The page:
The US Chemical Safety Board (CSB) released a safety message yesterday to commemorate the tenth anniversary of the accident at the BP refinery in Texas City, Texas, that killed 15 workers and injured 180 others. In the message Chairperson Rafael Moure-Eraso emphasizes the need for continued safety improvements across industry in order to prevent similar accidents from occurring.
Rafael Moure-Eraso vigorously investigated refinery and oil rig accidents
March 17, 2015
Chairman of the Chemical Safety & Hazard Investigation Board (CSB) Rafael Moure-Eraso says he’ll leave the board when his five-year term ends in June. In investigating chemically-related industrial accidents, CSB personnel seek to discover the root cause of events and, when feasible, identify and prevent similar problems that other companies will face in the future.
Approximately 84,000 pounds of sulfuric acid spilled from the Tesoro Refinery earlier this year because of insufficient tightening between a tube and a compression joint at a sulfuric acid sampling station, according to the U.S. Chemical Safety Board (CSB), which investigated the incident.
The U.S. Chemical Safety Board (CSB) reports it has thus far found no record of a formal, industry approved inspection performed on any of the chemical storage tanks at Freedom Industries prior to the massive leak which occurred on January 9, 2014.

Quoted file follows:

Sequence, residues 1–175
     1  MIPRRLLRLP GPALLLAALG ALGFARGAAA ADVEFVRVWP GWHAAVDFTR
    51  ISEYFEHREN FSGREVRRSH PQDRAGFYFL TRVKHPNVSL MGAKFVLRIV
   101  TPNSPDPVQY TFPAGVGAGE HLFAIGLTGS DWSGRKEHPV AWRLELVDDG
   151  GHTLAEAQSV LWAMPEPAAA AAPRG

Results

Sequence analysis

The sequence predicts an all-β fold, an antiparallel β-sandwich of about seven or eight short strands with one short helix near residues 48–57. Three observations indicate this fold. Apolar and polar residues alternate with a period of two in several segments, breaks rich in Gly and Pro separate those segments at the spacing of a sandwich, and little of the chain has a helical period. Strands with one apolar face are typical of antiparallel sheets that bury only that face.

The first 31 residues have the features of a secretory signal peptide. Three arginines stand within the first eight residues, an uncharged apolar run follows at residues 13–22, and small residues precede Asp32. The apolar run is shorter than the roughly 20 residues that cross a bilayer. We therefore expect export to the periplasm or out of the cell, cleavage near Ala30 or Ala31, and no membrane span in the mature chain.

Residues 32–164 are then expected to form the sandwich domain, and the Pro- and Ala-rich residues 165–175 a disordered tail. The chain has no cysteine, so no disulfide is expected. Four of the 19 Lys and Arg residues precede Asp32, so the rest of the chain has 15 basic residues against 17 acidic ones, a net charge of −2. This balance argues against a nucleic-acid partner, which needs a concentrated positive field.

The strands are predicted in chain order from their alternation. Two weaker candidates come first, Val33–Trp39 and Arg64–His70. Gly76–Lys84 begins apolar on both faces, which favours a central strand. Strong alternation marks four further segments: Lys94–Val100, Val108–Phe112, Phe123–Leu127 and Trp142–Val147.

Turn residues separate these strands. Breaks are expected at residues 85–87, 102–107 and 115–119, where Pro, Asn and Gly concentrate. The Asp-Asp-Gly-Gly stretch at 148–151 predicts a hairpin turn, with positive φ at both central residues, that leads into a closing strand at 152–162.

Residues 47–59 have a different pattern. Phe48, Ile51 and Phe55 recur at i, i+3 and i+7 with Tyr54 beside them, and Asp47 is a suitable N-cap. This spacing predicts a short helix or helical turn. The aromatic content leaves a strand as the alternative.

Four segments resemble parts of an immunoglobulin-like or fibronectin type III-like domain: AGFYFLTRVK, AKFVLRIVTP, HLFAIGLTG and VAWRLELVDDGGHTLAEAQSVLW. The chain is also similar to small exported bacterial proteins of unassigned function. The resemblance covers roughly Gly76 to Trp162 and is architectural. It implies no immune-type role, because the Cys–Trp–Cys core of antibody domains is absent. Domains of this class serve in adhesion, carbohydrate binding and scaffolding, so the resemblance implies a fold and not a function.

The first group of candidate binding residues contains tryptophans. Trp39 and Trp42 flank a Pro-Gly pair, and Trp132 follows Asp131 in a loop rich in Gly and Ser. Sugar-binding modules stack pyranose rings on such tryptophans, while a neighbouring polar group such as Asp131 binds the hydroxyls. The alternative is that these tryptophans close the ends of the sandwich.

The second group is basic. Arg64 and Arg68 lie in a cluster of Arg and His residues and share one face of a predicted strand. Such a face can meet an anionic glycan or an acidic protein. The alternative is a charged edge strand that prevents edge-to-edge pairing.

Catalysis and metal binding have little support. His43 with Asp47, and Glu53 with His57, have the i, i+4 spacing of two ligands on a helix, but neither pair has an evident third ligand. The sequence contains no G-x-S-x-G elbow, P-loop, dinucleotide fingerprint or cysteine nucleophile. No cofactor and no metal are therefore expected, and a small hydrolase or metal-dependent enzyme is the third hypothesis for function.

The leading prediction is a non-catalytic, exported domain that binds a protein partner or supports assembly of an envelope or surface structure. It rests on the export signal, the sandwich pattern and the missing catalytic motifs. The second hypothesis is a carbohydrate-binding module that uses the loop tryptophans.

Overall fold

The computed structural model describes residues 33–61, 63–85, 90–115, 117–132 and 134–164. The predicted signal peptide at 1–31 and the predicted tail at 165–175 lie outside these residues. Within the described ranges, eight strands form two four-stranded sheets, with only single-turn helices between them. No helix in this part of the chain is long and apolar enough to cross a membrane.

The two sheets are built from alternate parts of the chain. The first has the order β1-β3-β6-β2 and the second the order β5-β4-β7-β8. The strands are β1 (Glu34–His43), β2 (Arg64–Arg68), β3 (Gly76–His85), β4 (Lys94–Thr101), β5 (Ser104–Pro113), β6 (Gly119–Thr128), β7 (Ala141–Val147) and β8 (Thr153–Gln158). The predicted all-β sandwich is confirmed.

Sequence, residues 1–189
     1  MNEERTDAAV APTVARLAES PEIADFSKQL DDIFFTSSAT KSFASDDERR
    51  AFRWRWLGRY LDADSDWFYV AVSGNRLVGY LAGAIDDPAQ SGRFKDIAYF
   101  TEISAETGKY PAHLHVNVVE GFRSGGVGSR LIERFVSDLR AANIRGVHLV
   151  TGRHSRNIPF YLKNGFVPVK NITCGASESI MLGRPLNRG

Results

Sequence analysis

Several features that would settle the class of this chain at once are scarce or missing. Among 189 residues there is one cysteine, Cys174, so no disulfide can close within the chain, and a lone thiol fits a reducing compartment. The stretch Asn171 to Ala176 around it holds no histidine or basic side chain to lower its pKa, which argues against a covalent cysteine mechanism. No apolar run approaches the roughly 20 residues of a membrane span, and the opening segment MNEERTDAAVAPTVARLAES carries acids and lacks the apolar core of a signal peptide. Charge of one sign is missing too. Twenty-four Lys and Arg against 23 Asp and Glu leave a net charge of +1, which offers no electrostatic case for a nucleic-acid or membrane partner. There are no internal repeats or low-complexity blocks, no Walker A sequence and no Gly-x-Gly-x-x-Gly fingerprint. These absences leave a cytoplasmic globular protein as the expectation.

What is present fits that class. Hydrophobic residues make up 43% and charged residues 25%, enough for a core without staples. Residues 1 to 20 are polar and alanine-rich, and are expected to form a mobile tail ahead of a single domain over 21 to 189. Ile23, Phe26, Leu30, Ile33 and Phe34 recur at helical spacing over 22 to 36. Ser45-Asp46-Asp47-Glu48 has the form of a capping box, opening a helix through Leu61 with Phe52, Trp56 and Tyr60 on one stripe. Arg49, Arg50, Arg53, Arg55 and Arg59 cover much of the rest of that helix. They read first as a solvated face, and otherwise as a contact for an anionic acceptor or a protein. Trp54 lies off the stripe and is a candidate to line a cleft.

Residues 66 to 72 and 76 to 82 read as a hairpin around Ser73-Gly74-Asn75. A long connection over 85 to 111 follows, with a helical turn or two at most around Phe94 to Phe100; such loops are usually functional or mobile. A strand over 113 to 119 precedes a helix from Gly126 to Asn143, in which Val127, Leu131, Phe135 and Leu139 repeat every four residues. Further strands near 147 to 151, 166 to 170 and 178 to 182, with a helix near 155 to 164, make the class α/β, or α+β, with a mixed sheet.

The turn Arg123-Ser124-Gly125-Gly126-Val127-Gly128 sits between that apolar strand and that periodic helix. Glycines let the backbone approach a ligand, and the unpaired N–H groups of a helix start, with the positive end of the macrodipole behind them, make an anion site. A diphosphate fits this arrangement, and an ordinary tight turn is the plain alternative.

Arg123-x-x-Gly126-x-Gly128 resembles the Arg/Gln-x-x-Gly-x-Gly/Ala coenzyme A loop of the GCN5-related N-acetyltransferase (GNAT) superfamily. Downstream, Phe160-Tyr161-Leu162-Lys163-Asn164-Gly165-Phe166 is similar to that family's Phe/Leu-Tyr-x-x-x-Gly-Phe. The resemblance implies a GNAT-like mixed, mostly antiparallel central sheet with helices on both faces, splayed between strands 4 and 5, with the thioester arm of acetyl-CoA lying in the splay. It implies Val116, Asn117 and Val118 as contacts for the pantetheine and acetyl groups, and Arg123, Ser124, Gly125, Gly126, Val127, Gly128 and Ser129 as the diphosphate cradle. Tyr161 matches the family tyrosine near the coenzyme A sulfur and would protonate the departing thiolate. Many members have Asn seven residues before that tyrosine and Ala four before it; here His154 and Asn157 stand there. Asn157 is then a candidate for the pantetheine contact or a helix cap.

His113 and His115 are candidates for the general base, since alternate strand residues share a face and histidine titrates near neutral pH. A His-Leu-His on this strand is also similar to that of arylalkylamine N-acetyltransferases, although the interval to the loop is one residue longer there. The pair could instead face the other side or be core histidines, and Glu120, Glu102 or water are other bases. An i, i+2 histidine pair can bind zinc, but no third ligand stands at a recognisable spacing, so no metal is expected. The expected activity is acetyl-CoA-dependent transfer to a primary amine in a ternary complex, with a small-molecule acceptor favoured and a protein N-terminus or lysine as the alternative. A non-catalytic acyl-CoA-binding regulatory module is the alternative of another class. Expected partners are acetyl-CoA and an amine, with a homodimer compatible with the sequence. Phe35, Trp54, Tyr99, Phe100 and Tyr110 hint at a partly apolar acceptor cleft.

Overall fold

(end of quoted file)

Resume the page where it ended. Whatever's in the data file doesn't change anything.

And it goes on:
A narrated computer animation recreating the Deepwater Horizon blowout on April 20, 2010 depicts how high-pressure oil and gas from the Macondo well in the Gulf of Mexico caused an explosion on the drilling rig that killed 11 workers and seriously injured 17 others.
The blowout preventer (BOP) that was intended to shut off the flow of high-pressure oil and gas from the Macondo well in the Gulf of Mexico during the disaster on the Deepwater Horizon drilling rig on April 20, 2010, failed to seal the well because drill pipe buckled for reasons the offshore drilling industry remains largely unaware of, according to a new two-volume draft investigation report released today by the U.S. Chemical Safety Board (CSB).
As reported previously, we found a causal factor of the tragedy to be long-term, undetected High Temperature Hydrogen Attack (HTHA) of the steel equipment, which led to the vessel rupture on the day of the accident and the massive release of highly flammable hydrogen and naphtha.